Judaismo conversion Israel Mashiaj Tora Dios amor paz

  Lic. Prof. Yehuda Ribco // Tishrei 19, 5765 - 4/10/04

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          ¿Han de creer los judíos en Dios?
                                Tercera Parte

Claves: Israel, judaísmo, Dios, Hashem, creencia, fe, amor, temor, reverencia, pecado, Talmud,  festividades, Templo, David, familia, Mikdash, Jerusalén, Mashiaj, Mesías, tablas, ley, pacto, alianza, mandamientos, preceptos, mitzvot, costumbre, alimento, kosher, arrepentimiento, proyecto, futuro, potencial, bendición

(Continuación de la tercera parte)

The Torah is primarily concerned with behavior. It is the action that defines, not the thought. And so in rabbinic Judaism it is the act of breaking Jewish law in public that results in a person being barred from giving testimony in a Court Of Law . It is the commitment to Law that defines membership of the group once ones genealogy or conversion have gained one initial acceptance. After all, this is the only way one can reliably test a person's affiliation. Anyone can say whatever he or she wants. I can say I believe in men from Mars. I guess I would be prepared to say that I believe in lots of strange things if I thought my life was in danger. Perhaps once, one was frightened to take The Lord's Name in vain. But even then, the Torah knew full well that a Credo was no basis for reliable verification. This is why there is no such statement in the Torah as ' Speak to the Children of Israel and tell them they must believe.' This is a meaningless statement. God is to be experienced. One must attempt to understand.

The Torah talks about 'knowing' God in the way that man 'knows' his wife. The Torah talks about loving God in the way lovers know each other. These terms are not necessarily intellectual terms. One brings a whole lot of sensual and emotional experiences and sensitivities to play in the act of knowing and loving another human being. It does indeed involve the mind and the thought process, but not exclusively. Indeed the Greek way and hence Maimonides's way, to God is through the pure intellect. The intellect in contradistinction to matter. The two eternal substances that are caught in a primordial battle in Greek thought are intertwined and indivisible in biblical Judaism. But I am arguing that it is through a mystical rather than a rationalist position that one can understand God in the Jewish experience, not the intellect.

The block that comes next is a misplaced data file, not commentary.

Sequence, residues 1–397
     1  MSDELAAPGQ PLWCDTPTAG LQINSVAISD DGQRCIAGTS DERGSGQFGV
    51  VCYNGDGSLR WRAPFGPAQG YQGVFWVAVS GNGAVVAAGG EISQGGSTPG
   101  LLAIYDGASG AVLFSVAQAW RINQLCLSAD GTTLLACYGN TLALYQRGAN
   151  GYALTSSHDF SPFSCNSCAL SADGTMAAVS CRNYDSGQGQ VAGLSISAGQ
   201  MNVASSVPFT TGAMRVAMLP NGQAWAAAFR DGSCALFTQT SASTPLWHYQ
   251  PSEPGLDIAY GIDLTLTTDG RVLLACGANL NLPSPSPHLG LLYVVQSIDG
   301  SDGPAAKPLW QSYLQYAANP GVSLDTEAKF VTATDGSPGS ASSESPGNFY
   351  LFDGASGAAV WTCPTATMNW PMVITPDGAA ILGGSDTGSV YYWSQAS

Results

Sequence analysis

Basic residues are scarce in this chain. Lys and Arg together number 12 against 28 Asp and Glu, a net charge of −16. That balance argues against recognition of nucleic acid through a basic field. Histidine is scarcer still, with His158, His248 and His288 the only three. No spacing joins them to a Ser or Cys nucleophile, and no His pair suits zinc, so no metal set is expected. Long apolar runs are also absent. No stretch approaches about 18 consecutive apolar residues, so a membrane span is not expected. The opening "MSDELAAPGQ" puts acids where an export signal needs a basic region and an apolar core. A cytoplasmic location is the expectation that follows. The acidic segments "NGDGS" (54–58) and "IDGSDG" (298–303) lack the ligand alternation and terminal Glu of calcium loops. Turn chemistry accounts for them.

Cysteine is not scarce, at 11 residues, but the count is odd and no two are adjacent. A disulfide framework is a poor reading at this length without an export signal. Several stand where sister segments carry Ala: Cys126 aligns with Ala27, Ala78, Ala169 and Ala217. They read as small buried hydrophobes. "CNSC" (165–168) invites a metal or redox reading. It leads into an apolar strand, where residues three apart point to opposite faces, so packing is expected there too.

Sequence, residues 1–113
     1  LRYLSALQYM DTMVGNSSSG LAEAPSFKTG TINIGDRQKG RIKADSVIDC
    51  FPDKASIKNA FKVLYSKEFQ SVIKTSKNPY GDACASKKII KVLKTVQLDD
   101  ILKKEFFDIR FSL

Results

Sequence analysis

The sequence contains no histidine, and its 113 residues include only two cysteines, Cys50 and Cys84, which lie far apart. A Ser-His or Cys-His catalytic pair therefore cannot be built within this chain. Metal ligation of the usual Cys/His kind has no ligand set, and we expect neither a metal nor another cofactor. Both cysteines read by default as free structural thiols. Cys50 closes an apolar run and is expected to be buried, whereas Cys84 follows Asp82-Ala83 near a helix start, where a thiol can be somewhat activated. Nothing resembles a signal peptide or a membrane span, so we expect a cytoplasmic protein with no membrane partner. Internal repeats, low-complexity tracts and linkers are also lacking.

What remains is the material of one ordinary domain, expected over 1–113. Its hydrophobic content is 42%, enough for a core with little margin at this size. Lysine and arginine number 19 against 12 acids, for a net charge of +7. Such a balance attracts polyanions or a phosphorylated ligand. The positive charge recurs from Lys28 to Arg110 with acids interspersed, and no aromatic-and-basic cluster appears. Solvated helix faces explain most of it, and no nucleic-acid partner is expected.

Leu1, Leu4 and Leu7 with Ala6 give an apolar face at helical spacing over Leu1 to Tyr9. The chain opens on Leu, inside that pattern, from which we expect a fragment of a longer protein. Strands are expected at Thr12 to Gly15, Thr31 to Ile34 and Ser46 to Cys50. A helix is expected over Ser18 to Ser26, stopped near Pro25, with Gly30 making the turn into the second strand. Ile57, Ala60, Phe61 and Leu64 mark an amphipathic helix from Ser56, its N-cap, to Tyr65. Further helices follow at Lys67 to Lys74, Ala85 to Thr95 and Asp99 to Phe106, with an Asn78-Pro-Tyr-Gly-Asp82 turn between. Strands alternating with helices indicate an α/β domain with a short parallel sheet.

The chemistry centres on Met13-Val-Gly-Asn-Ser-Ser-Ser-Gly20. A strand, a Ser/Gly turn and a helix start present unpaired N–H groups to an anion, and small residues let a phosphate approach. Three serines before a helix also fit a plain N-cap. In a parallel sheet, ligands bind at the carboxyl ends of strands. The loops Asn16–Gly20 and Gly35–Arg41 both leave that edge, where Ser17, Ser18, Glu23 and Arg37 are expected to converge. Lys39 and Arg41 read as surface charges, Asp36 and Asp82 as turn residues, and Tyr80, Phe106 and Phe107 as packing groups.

So the need to prove the existence of God is redundant and irrelevant in Judaism. Whereas the need to experience is essential. ' Taste it and see' says the Psalmist. And yet there is no single way, no single formula which is ' the correct one' to come to God. There may be a revealed ways to behave but there are not prescribed ways to think.

This is not to say that the world of ideas is irrelevant in Judaism. There are indeed ideas that play an important part in our religious tradition. But they play this part in very different way and in a far less precise manner than they do in other Western religious traditions. Theology is the science of the Christian religious world. It is incidental to the Jewish. Just as Maimonides says that one can only say what God is not, one cannot describe the indescribable, so too, Judaism is essentially concerned with avoiding negative ideology. Its approach is not to reject even if one is uncertain about what to accept.

If one looks at the Talmudic statements of a Theological nature, the attack is against the ideological heretic. The Talmudic recounts, at the end of Sanhedrin, those who have no portion of the World To Come. They are the deniers. Those who say There is no Life beyond the Grave. Those who know precisely that the Torah is not the word of God. It is the Atheist rather than the Agnostic, the denier rather than the doubter who creates the problem for Traditional Judaism. It is the person who eats forbidden food as an act of ideological defiance who is rejected far more than the one who gives in to weakness and eats out of self indulgent appetite . We are all in the second category to some extent or another. This is the biblical understanding of the inclination of man. There is a constant struggle. Biblical Judaism sees every person, including King David, as caught in this behavioral battle. The way to survive is by accepting the presence and the influence of the Divine. But this is something to be experienced and lived with. It is not a door one goes through. It is not a state one enters into and then one is saved. It is rather a constant engagement with a constant stream of experiences that reinforce the commitment to the way of living that reinforces the experience of an and the commitment to the Divine. It is not a formula. It is not a Credo. It is an act of devotion and love.


 Yehuda Ribco

E-mail: comentario@serjudio.com